by Mark Albert
U.S. State Department illustration
WASHINGTON (TVR) – The U.S. State Department has overhauled its travel advisory system, unveiling new, simplified alerts that break down threats for Americans in countries across the globe in four, color-coded categories.
Often beset by confusion and lagging often-whirlwind geopolitical changes, the travel warnings had sometimes befuddled U.S. citizens seeking clear and unambiguous guidance about a country’s safety risk.
The State Department’s top leadership acknowledged that its travel alerts, travel warnings, and travel advisories — all separate products with separate definitions — “were not readily understood.”
“We also needed to make sure that the information was more easily understood, putting it into plain language, making it clearer why we were ranking countries, why we were citing them as a threat or a risk, and making that very obvious to people,” Michelle Bernier-Toth, Bureau of Consular Affairs Acting Deputy Assistant Secretary For Overseas Citizens Services, explained in a teleconference for reporters this month.
The department considers its new advisory system “the cornerstone of our efforts to keep U.S. citizens safe while they travel or live abroad.”
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WATCH: Reporter Mark Albert on KARE-TV in Minneapolis talking about the new State Department travel advisory system:
The new system ranks countries based on the level of safety risk in one of four categories: Level 1, Level 2, Level 3, and Level 4.
For the counties and regions within nations included in the Level 4 category, the State Department’s advice is blunt: “Do Not Travel.”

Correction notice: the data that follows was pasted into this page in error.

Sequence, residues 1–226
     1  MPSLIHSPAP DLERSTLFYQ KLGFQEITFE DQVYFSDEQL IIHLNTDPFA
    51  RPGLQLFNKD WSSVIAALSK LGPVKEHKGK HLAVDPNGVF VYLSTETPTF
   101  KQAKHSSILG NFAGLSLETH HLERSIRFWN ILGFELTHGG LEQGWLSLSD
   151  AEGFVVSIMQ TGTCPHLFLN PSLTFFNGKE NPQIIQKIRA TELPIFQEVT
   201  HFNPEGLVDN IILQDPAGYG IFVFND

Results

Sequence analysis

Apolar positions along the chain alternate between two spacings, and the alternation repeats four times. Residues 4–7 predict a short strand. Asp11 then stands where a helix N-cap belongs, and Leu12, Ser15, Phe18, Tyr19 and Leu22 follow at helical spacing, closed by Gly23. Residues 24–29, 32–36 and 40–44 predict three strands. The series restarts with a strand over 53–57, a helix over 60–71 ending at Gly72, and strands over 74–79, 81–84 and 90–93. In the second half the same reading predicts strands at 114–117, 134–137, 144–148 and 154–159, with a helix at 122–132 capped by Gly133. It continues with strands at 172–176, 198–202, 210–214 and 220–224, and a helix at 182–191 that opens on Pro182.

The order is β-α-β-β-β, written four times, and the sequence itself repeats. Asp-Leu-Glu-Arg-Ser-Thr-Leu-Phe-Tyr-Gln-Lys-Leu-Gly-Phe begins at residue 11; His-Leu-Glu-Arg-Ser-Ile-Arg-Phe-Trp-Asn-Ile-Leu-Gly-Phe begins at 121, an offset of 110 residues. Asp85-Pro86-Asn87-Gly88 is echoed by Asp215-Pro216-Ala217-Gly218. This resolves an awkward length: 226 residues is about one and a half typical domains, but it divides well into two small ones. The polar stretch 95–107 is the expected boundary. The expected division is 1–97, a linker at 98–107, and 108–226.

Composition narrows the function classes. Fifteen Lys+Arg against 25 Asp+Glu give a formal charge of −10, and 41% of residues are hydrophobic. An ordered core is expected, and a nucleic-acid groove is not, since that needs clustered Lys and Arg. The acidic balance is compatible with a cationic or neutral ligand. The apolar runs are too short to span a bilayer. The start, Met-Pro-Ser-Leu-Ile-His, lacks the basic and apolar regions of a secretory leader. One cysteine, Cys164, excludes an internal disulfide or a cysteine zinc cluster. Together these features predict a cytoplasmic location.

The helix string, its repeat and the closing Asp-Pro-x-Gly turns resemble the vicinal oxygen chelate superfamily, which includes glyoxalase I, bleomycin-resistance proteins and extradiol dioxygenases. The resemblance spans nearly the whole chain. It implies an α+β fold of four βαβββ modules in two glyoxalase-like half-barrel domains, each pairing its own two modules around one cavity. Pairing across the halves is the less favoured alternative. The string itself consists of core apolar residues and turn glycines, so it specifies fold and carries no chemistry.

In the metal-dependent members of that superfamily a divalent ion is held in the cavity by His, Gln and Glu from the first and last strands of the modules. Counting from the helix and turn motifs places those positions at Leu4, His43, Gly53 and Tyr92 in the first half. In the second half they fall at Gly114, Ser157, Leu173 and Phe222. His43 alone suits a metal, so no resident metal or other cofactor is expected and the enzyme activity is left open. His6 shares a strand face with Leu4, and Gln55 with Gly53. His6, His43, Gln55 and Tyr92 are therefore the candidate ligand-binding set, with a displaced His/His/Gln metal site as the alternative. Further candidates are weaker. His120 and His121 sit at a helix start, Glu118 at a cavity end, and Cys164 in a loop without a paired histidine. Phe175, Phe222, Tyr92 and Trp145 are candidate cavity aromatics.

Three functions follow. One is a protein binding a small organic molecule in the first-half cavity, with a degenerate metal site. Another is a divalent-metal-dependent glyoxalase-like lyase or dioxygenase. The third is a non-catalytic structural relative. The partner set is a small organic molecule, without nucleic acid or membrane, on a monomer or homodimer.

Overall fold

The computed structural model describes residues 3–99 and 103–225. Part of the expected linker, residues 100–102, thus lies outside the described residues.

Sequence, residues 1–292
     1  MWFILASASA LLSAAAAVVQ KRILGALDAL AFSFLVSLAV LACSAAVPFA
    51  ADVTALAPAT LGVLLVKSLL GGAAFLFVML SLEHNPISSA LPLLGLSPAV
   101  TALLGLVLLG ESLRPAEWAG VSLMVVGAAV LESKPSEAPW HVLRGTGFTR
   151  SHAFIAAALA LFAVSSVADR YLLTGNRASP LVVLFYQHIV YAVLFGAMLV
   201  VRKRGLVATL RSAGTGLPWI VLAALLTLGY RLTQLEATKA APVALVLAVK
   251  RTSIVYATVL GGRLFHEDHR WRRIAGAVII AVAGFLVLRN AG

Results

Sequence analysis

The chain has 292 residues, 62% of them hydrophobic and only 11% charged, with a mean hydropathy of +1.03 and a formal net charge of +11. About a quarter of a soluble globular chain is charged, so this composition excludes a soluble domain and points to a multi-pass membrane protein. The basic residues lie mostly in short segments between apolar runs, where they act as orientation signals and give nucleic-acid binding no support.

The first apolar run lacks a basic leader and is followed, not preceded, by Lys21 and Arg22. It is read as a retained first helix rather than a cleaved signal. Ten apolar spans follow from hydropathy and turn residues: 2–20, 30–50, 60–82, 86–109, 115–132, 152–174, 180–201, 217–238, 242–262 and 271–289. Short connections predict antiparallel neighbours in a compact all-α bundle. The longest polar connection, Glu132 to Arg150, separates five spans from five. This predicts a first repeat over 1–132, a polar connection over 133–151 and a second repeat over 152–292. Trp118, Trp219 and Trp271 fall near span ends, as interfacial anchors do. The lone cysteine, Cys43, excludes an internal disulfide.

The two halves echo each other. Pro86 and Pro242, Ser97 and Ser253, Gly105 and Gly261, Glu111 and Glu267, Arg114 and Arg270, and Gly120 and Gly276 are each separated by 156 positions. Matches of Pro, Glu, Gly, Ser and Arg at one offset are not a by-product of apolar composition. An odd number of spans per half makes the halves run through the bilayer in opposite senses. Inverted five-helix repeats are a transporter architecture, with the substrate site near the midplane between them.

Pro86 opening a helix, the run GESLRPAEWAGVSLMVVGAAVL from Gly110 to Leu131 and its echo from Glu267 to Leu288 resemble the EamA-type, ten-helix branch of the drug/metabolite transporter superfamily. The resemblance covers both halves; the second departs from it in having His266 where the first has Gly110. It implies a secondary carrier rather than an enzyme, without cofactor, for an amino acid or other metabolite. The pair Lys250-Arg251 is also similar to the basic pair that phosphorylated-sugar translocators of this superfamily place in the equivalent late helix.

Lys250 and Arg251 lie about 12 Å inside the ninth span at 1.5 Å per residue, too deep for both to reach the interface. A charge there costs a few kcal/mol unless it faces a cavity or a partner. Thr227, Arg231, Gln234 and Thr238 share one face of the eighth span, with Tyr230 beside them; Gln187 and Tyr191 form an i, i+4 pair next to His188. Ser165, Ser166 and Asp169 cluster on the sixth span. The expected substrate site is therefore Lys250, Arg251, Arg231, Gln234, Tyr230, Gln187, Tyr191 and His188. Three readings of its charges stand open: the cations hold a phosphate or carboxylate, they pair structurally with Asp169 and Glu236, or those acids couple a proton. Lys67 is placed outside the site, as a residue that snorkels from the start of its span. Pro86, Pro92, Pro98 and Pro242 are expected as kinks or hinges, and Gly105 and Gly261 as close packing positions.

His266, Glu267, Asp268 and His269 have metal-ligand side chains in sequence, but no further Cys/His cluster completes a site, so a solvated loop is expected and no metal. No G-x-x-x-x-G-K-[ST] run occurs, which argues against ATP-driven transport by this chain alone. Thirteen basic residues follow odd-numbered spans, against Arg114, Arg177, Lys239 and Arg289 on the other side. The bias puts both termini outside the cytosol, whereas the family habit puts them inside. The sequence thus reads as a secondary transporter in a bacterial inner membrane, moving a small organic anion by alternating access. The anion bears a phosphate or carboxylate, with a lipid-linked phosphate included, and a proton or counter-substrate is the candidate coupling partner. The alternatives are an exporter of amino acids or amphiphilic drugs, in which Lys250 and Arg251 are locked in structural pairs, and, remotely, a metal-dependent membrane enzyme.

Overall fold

Americans considering traveling to Level 4 countries are warned there are “greater likelihood of life-threatening risks” and that should they get in trouble, the U.S. government has “very limited ability to provide assistance.”
Most Americans are no longer allowed to visit North Korea, due to a ban implemented and enforced by the Trump administration.
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Under the new travel advisory system, parts of Mexico-a country perennially popular with Americans seeking to escape winter’s chill-are now included in Level 4, the most severe.
Regions in Mexico that the State Department now considers as dangerous as Iraq and Syria — both war zones — due to crime are Colima; Guerrero, which includes the popular tourist spot Acapulco; Michoacán; Sinaloa, which includes Mazatlan; and Tamaulipas.
The State Department has issued a string of cautions for its southern neighbor in the past year, including a travel warning and an advisory about tainted alcohol suspected of sickening Americans at popular Mexican resorts.
20 year-old Abbey Conner of Wisconsin, who traveled to Mexico, died in January 2017 and tainted alcohol is suspected in her death, CBS News reported.
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